I think I've seen this question elsewhere, and I probably asked for more info. And I'm doing it again. What is your purpose with this? Why are you using dynamic SQL? What part of your SQL is dynamic, and what part of the input can be modified by the evil criminal?
Without such details, all we can do is propose something, and then somebody else can counter that proposal by injecting something, just like I'll do below with Dominique's example (with no critique intended, again difficult to be precise with so little info.
So please explain why use dynamic SQL and why not just have two parameters to the stored procedure (one for each value to be used in the VALUES clause for the INSERT statement).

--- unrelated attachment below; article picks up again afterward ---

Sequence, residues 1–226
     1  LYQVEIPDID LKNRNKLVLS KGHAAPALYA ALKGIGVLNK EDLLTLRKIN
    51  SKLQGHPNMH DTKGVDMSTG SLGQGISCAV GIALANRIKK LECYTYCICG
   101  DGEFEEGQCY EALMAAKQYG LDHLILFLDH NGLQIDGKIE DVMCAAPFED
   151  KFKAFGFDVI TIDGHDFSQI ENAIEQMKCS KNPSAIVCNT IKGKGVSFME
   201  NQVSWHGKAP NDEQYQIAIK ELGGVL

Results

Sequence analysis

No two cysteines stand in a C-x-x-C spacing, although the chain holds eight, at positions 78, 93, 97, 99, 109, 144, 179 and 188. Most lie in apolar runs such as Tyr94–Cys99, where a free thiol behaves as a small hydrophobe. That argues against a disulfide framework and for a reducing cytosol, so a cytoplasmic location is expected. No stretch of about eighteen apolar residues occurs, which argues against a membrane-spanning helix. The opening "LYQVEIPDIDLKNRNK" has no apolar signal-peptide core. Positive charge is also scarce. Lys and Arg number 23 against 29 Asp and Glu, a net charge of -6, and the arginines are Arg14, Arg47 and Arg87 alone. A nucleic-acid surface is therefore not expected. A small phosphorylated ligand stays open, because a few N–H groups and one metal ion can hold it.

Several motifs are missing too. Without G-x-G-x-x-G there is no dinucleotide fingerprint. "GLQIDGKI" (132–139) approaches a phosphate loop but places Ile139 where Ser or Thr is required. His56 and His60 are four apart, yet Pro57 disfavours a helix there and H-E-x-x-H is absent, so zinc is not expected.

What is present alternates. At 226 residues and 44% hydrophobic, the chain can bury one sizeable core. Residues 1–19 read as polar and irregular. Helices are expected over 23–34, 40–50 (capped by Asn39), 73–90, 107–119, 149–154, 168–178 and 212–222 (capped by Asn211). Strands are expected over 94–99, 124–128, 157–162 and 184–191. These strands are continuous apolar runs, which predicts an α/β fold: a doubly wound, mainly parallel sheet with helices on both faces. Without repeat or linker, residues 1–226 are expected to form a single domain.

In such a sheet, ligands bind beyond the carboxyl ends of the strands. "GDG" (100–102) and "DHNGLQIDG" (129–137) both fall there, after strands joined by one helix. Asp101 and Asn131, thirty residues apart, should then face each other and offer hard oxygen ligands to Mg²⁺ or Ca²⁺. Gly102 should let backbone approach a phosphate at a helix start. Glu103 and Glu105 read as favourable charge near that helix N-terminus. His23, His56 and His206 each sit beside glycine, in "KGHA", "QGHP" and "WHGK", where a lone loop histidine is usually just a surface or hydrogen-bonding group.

Anyhow, here is the proposed answer modified with an injected TRUNCATE TABLE:
DROP TABLE IF EXISTS SomeVeryImportantData
DROP TABLE IF EXISTS #ThisIsATable
CREATE TABLE SomeVeryImportantData (id int, txt varchar(30));
INSERT INTO SomeVeryImportantData VALUES (1,'some important txt');
DECLARE @param1 int;
DECLARE @param2 varchar(30);
DECLARE @TSQL nvarchar(MAX) = N'SELECT @param1, @param2 truncate table SomeVeryImportantData';
CREATE TABLE #ThisIsATable (Id INT, VAL NVARCHAR(10));
INSERT INTO #ThisIsATable
EXEC [dbo].[sp_executesql] @TSQL, N'@param1 int, @param2 varchar(30)', @param1=@param1, @param2=@param2
SELECT * FROM SomeVeryImportantData;
SELECT * FROM #ThisIsATable;